Tue, 10/08/2019

Leave a Tip: Interviewing Billy Crystal

Billy Crystal

It’s been said that a little knowledge is a dangerous thing. I have conducted dozens of interviews for the TV Academy’s comprehensive oral history project over the past 23 years and because of the expansive nature of these conversations, I always research exhaustively well in advance and then struggle to practice enormous restraint on the day. I have been a fan of Billy Crystal for most of my life, and as such, I was both daunted and exhilarated as I prepared to sit down with him. Billy’s long and distinguished career coupled with his unequaled gift as a master storyteller necessitated my making some hard choices ahead of time. My first conscious decision was to truncate my questions about Billy’s early life since that material is so beautifully chronicled in his one-man show 700 Sundays. The second difficult determination was to eschew all ambitions of covering his movies. So no When Harry Met Sally. No Princess Bride. No Analyze This… or That. But since this interview was for the Television Academy, it made sense to focus on covering his early stand up performances on TV; his years playing Jodie Dallas, primetime’s first gay character, on Soap; his “mahvelous” tenure on Saturday Night Live; his work for HBO, including hosting Comic Relief with Whoopi Goldberg and Robin Williams and his years hosting the Oscars. I figured that was a lot, but it would be doable. Spoiler alert: I got all of it… and more. A lot more.

Right out of the gate, Billy shared that the specifics of his birth were exactly as they were recounted by his mother (played by Jayne Meadows) in the phone call at the opening of City Slickers. He also told the story of his very first television appearance as a little boy on a local New York kids’ show with Officer Joe Bolton. (I won’t ruin the punchline, but it did not go well.)

Billy then went on to reminisce about his love for early comedy records, particularly the live performances captured on vinyl by Nichols and May, Mel Brooks and Carl Reiner and Jonathan Winters. As Winters was a dear friend of mine, I was especially enthralled to hear Billy’s recollections of performing one of Jonathan’s routines before a receptive audience of his schoolmates when he was just 14. It was the one and only time Billy’s father ever saw him perform comedy in front of an audience outside of their family living room. And the account of Billy’s first in person encounter with Jonathan was a glorious, unexpected detour in the narrative that illuminated so much about his lifelong love of comedy, setting the table for everything to come.

Over the three hours we spent talking, Billy spun his stories in vivid detail, punctuating them with punchlines and pathos. And even the occasional impression. From his collegiate recollections of Martin Scorsese at NYU to his first awkward exchange with Johnny Carson during a commercial break on his inaugural Tonight Show appearance to receiving a profane answering machine message from Sammy Davis Jr., the highlights are too numerous to mention. All killer, no filler.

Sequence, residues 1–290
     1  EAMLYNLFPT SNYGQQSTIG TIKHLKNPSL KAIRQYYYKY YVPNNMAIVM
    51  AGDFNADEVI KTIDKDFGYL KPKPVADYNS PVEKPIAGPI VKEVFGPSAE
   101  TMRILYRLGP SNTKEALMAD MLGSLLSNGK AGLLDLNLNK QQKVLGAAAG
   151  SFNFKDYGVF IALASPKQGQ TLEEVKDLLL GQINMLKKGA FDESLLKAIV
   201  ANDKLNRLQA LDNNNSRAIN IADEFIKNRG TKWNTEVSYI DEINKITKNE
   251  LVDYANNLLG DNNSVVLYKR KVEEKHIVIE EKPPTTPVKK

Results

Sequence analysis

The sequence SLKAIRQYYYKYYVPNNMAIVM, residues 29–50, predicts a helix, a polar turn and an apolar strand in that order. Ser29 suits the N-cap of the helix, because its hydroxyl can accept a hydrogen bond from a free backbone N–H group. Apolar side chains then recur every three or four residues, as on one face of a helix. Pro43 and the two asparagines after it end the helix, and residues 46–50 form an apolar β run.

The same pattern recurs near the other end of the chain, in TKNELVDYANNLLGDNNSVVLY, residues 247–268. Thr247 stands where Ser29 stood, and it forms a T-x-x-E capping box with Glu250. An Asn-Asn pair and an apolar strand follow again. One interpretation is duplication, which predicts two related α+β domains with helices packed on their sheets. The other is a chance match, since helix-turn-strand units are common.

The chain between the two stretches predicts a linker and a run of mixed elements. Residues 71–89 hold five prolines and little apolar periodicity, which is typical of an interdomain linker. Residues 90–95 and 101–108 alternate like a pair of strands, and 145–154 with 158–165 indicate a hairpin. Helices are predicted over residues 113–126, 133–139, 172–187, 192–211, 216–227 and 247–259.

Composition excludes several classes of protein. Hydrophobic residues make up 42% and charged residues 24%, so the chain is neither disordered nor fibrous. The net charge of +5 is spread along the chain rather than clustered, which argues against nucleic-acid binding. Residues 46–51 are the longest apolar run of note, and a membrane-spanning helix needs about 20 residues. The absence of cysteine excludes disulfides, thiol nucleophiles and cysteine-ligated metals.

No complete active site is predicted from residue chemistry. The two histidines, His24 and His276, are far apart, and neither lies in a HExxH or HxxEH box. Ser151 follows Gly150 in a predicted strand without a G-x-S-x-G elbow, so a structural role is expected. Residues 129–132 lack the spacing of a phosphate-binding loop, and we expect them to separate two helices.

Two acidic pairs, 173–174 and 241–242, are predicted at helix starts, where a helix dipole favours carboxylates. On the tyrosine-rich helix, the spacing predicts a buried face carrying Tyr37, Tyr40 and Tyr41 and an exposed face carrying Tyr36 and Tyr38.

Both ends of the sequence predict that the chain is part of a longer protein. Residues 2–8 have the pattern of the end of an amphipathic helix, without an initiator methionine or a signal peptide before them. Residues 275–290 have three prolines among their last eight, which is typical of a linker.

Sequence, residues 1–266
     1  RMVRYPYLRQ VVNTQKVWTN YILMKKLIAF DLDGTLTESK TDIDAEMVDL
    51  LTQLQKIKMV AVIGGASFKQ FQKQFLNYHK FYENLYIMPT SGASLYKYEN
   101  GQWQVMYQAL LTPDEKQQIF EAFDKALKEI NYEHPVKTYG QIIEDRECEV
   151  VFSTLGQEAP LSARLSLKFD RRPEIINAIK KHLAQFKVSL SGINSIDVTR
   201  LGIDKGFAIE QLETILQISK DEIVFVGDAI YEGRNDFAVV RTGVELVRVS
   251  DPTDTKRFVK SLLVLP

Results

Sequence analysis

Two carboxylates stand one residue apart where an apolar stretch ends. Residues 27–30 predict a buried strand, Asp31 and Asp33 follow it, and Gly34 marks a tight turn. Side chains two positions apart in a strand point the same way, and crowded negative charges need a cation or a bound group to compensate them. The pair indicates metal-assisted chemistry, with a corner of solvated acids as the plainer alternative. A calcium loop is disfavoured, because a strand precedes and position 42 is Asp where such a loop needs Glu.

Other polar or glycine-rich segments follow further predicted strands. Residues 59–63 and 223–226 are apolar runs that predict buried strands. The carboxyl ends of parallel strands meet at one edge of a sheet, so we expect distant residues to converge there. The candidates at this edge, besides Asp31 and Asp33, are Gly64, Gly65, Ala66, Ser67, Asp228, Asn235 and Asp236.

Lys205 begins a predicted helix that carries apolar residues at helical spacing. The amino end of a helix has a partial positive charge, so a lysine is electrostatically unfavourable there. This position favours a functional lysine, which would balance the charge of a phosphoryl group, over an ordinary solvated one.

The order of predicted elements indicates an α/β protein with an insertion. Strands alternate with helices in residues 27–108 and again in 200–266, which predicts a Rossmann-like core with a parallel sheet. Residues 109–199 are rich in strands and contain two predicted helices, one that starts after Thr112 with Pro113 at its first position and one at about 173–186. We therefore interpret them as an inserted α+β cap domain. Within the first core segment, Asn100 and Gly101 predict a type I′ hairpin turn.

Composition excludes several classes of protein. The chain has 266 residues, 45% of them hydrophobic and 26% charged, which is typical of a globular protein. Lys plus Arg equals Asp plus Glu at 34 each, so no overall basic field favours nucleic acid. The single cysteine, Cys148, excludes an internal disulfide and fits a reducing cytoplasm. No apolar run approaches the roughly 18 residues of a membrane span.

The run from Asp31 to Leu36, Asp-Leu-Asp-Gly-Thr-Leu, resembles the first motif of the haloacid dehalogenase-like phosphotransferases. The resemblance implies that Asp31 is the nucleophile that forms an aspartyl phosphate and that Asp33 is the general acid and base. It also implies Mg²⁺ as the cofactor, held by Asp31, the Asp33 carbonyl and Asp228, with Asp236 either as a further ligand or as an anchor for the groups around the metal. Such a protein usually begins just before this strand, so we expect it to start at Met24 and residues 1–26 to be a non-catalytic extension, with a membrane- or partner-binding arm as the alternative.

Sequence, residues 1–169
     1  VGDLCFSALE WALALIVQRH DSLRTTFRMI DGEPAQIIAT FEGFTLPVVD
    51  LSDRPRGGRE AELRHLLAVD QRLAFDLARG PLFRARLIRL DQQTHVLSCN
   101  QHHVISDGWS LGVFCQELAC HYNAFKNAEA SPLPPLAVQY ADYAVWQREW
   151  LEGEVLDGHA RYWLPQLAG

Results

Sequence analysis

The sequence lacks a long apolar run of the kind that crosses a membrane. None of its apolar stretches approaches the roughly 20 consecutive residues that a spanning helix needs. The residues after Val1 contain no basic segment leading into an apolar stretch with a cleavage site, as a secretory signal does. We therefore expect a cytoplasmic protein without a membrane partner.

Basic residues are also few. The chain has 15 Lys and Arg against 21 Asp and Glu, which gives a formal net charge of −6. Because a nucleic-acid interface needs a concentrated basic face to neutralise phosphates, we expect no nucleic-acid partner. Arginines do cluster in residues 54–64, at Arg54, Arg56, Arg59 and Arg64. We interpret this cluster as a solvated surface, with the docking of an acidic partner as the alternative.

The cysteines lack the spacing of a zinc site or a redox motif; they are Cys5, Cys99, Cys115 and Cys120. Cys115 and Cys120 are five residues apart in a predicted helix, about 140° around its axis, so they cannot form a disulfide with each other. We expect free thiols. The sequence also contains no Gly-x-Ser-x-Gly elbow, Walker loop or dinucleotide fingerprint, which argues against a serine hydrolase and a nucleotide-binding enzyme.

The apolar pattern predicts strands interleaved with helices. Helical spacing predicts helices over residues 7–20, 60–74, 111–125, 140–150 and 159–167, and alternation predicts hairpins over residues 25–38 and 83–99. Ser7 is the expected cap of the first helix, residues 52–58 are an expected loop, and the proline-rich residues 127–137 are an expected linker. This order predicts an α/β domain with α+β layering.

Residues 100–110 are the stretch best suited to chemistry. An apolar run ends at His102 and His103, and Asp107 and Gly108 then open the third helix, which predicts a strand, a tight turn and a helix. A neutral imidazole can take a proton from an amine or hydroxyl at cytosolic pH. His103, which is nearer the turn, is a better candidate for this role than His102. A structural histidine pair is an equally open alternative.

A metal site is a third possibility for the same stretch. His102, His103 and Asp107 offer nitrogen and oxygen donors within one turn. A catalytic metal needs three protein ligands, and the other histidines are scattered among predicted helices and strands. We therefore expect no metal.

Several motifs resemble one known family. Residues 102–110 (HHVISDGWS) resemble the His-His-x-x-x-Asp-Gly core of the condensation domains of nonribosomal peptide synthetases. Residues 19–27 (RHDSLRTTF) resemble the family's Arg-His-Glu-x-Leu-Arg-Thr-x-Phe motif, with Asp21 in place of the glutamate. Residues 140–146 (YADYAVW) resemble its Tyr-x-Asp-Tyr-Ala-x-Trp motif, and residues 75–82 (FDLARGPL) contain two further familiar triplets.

I was impressed by his conversations with Robert “Benson” Guillaume on the set of Soap about the responsibilities of representation. I was delighted to hear Billy’s account of drafting an SNL stagehand at the eleventh-hour to play Barry Manilow in an entirely improvised "Fernando’s Hideaway" sketch. And I was moved to tears when Billy shared how he was almost unable to go on to deliver his memorable tribute to his friend Robin Williams at the 2014 Emmys. But to paraphrase Jack Palance as Curly in City Slickers, I usually walk away from any interview with “one thing.” One big take-away. And in this case, it was Billy’s retelling of the advice he received early in his career from his manager, the legendary Jack Rollins. Following a stand up performance, Rollins counseled the young Crystal that he needed to give the audience more. Something of himself that stayed with them after the lights went up. He needed to “leave a tip.” That stuck with Billy. It made sense to him and it clearly informed how he would go forward from that point on. In a business of buyers scrambling to find projects and performers that are “noisy” enough to get noticed, Billy has stood out because his work was more than noisy… it was resonant. And like everything else that Billy Crystal does, our interview was extraordinary and I felt blessed to receive such a generous tip.

- Dan Pasternack